Peter Kerpedjiev had an idea that required some moderately high-throughput analysis and got himself a full-page spread in Nature, Europe's premier general science magazine about The most popular genes in the human genome. This requires a mash-up of two sorts of data which are effectively orthogonal to each other - related but not correlated. Most popular is here defined by those genes which have appeared most often in the recent scientific literature. There's all sorts of other stuff we know about genes and their protein products: molecular weight; genomic location; which tissues they are expressed in; whether they are receptors or enzymes or signalling molecules or proteins that switch on other genes. You wouldn't expect that any of these things-we-know would tell us about the other attributes.

We had a paper in the 00s, for example, which showed that genes expressed in the liver (or heart or kidney) are scattered all over the genome. The long genes aren't all found on the longest chromosome.  Olfactory receptors are clustered in little groups, it is true, but there are lots of these OR clusters and toll-like receptors TLRs are all over the shop. We'd be mad if we only wrote papers about receptors and ignored enzymes. Kerpedjiev was curious about which genes/proteins occupied the collective time and energy of science and wrote a simple-enough script to snag this information for each and every one of the 27,000 protein coding genes we know about. It's exactly the same idea as I've been progressing with the Masters of Imm up in Trinity over the last several years from 2012 until they sacked me in 2016. I called it the Most Sexy Immuno-protein competition. We didn't aspire to be comprehensive because we couldn't write a simple-enough script without a lot of help. Nevertheless, we showed that some TLRs were stupidly more popular than others because science puts a lot of handicaps on doing original research: everyone - HoDs, funders, editors, reviewers and referees - is happier if you mullock along in the footsteps of others. Wenceslas science, we might call sing it.

A few proteins acquire legs and outstrip their trudging  rivals for the attention of scientists. Aled Edwards from Toronto did a similar study ten years ago in which he showed that the $1billion Human Genome Project had been effectively useless in generating new targets of research to ameliorate the human condition. Researchers found it easier to fondle each other's work than to strike out into the unknown. Working within the herd is safe but not very exciting. Going all maverick makes funders nervous and the results require too much effort to assimilate and tend to get ignored. I could ask you to guess which genes are most highly cited in the scientific literature, but even if you are full time in bio-science you likely won't have the breadth of interest to know them all, let alone put them in the correct order.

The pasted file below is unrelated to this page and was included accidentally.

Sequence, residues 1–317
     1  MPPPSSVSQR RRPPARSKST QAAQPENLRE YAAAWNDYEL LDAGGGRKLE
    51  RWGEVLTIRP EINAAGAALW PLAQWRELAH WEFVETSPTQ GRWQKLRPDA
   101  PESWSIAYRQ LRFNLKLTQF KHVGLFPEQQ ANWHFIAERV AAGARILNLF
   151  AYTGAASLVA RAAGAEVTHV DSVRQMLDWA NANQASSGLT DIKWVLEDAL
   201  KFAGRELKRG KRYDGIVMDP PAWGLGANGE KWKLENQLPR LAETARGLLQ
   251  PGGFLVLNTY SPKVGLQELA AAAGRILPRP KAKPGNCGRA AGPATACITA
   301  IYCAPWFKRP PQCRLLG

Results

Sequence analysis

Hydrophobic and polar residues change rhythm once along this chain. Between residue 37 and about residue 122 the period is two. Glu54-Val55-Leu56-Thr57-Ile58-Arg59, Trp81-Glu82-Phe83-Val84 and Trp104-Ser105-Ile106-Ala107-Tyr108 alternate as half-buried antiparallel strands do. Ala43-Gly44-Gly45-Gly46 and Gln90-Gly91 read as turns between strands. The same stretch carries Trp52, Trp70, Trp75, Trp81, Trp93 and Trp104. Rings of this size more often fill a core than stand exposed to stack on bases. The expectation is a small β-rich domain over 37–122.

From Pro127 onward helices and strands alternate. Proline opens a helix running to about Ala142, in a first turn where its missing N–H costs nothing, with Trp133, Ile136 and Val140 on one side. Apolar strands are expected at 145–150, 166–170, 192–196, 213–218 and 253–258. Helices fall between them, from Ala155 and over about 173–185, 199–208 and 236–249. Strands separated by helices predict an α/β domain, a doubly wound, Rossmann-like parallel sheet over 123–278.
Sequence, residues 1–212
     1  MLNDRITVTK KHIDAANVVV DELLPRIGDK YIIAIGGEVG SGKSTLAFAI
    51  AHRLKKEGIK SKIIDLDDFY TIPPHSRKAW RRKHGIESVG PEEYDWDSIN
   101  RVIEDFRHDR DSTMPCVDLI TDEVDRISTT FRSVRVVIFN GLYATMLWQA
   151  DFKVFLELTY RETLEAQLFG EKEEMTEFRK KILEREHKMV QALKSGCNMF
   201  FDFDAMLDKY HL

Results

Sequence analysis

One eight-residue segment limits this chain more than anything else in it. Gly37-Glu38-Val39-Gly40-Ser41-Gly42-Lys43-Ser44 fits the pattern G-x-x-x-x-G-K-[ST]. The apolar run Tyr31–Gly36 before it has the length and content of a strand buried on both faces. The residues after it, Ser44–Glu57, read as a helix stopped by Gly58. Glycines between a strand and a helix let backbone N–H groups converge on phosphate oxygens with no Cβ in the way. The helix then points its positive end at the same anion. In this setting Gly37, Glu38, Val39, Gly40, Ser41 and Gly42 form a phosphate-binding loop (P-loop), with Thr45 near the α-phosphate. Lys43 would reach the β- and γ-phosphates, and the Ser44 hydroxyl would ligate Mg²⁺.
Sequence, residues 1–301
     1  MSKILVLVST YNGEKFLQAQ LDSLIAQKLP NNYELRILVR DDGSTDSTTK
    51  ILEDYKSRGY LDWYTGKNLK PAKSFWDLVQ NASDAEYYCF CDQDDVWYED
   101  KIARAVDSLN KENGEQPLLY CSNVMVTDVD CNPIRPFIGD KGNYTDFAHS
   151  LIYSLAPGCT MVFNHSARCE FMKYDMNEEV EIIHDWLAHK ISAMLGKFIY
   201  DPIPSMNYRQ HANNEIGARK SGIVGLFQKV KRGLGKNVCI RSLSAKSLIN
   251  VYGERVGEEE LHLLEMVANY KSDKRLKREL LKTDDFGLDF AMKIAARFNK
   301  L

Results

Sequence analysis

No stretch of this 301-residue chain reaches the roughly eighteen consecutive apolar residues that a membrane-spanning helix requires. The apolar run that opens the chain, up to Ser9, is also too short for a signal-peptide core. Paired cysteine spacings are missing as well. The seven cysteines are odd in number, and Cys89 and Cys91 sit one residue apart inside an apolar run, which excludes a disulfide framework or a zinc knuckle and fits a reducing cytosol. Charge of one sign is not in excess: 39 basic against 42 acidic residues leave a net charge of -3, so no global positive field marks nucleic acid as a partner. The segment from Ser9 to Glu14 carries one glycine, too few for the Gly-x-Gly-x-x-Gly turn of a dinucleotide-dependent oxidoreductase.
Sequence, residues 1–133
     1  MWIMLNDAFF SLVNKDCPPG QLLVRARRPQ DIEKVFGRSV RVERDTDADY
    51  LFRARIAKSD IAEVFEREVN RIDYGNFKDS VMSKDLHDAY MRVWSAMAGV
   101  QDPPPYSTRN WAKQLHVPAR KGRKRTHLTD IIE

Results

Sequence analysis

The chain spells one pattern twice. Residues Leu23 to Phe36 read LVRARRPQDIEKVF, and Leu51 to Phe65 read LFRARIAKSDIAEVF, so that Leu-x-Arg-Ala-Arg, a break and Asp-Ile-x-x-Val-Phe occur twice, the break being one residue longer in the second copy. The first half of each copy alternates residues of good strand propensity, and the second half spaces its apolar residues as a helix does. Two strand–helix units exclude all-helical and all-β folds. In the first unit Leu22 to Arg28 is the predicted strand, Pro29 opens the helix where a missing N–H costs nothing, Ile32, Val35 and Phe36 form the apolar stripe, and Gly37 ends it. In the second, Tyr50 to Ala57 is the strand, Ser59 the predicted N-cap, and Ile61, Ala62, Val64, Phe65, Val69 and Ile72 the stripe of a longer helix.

Well here they are [L]. I'm surprised that TLR4 isn't there but that's only because we discovered a minority interest TLR and so I think that TLRs are bound to be interesting to everybody and I acknowledge that TLR4 trumps our 'umble TLR15. But all TLRs are collectively a bit of a side-show. Even among the top 10, p53 is Eclipse first, the rest nowhere, but in a way that is reminiscent of Zipf's distribution laws for letters or Benford's for numbers. So who are these celebrity boys and girls of biomedical world?
p53 is the guardian of the genome a tumour suppressor which is found to be mutated in about 50% of all cancers. The implication is that, when fully fighting fit it is preventing the development of cancer.. Several of the other genes reflect the biomedical world's obsession with cancer - which affects the family and friends of the affluent white males in power in the West - rather than possible targets for infectious diarrhoea, TB or malaria. The million black babies a year who  succumb to each of those diseases can't afford to pay for drugs.  #2 is TNF whose name tumour necrosis factor says it all: it works to gee up the immune system to kill tumours. VEGF vascular endothelial growth factor is the source of another nifty insight to treating cancers. As a tumour grows through out-of-control cell division it demands to have more oxygen and glucose to fuel its energy demands. If we can suppress the develop the growth and development of the local matrix of capillaries then we can suffocate the traitor in our midst. EGFR epidermal growth factor receptor works on the same process from a different angle. If we can jigger the receptor of a growth factor, then we can also suppress growth. Note the GF in TGFB it's another target for growth factor control. Note the R in ESR1 the oestrogen receptor which is involved in ovarian and breast cancer and tell us the oestrogen has more role in life than just shedding an egg a month for 30 years.

I'll refer you to the original article for a really neat graph of the timeline of trendiness. When I was in college 3% of all the publications were obsessing with beta haemoglobin HBB, mutations in which led to the first genetic disease sickle cell anaemia. Hey, before President Richard Nixon signed the National Cancer Act in 1971 and diverted $billion$$$ towards the War of Cancer, biomedical science cared about black babies. You have to talk % impact because in absolute terms publications were a trickle back then compared to the tsunami of tosh today. I say tosh because the average citations for a scientific paper is less than one: more than half of all papers published bob up and promptly sink without trace effectively unread by everyone including the authors.
1980 280,000
1990 410,000
2000 532,000
2010 940,000
2016 1,259,000. Heck and jiminy there are even 13,000 pubs for 2018 out there - I guess mostly from the Journal of Clairvoyant Studies and Prognostics.

Sunday, 10 December 2017

Experts

I love watching or listening to experts. People who pwn a part of the knowable universe. Anything will do: people who collect match-books; people who know all about the Taft family; people who know where fish will rise; the man who knows all 6,000 genes of the yeast genome; a child who has trained her dog.